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What We Read Today 03 October 2014

Econintersect: Every day our editors collect the most interesting things they find from around the internet and present a summary "reading list" which will include very brief summaries (and sometimes longer ones) of why each item has gotten our attention. Suggestions from readers for "reading list" items are gratefully reviewed, although sometimes space limits the number included.

  • JPMorgan Says Data Breach Affected 76 Million Households (Alex Veiga, Associated Press, abc News) JPMorgan Chase & Co. has reported a huge cyber attack this summer which compromised customer information for about 76 million households and 7 million small businesses, the bank said Thursday. Names, addresses, phone numbers and email addresses were stolen from the company's servers but the data did not include account numbers, passwords, Social Security numbers or dates of birth. Only customers who use the websites and JPMorganOnline and the apps ChaseMobile and JPMorgan Mobile were affected.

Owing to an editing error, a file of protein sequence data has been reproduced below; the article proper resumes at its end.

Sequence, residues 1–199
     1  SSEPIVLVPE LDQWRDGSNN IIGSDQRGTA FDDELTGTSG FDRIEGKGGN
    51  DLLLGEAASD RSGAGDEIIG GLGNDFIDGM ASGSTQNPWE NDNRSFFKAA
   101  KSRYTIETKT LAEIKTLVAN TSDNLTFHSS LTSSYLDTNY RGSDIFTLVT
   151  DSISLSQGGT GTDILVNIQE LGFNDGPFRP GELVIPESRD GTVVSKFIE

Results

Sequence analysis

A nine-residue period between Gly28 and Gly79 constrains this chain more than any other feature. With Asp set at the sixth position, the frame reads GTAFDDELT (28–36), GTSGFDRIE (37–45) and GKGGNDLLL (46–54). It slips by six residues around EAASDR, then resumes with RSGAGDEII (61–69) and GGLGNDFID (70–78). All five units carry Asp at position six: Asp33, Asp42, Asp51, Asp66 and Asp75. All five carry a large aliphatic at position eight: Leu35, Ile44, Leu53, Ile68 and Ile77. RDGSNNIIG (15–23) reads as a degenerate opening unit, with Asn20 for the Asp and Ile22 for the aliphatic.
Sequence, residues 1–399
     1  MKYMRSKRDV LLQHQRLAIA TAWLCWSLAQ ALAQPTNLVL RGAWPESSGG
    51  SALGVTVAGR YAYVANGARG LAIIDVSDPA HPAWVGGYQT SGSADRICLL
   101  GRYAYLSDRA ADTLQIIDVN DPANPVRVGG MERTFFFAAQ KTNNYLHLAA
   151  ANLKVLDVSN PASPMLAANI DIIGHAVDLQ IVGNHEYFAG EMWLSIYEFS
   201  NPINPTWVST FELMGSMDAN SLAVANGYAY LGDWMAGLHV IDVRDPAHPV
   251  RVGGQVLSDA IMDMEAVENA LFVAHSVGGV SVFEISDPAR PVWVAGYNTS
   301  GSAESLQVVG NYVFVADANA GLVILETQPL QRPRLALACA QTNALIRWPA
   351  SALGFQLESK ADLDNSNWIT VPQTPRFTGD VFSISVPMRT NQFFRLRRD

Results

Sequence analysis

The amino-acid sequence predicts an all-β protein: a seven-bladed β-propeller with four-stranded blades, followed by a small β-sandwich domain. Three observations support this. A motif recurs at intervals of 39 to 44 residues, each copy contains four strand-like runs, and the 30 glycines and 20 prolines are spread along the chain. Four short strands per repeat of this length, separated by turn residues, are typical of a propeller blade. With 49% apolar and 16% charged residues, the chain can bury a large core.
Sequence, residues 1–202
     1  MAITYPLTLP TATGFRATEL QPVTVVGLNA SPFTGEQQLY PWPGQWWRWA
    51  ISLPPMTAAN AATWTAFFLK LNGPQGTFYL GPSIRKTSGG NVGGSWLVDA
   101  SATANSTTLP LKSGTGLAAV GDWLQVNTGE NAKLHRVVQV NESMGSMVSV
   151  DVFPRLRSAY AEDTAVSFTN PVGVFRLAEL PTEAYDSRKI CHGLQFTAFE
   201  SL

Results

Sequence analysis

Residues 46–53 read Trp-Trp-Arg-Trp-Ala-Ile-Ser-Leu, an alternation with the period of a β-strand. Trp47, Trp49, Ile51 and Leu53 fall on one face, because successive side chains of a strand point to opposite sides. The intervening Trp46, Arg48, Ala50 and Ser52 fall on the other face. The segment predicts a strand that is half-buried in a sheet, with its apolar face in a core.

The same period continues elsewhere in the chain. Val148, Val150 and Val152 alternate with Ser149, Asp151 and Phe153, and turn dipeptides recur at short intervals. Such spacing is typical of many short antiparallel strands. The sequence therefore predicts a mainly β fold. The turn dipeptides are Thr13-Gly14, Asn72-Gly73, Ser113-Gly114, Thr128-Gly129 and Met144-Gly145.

• Conservatives set to defy Europe on human rights (George Parker and Helen Warrell, Financial Times) The UK wants the European Court of Human Rights to allow that country to regard the court's rulings as "advisory" and retaining human rights law sovereignty with the British government. Britain is unhappy with recent court rulings such as an edict that prisoners have the right to vote. UK Justice Secretary Chris Gatling said that if other countries disagreed with the British request then the UK would "simply walk away".


  • Recent article about Scotland Independence and Other Movements

Alex Salmond announces plan to block poll tax collection (BBC News)

Europe must address Spain-Catalonia issue (The Guardian)

  • Articles about conflicts elsewhere in the world:

Hong Kong leader stands firm, as both sides raise stakes (Al Jazeera)

Hong Kong Leader Willing to Hold Limited Talks With Protesters (The New York Times)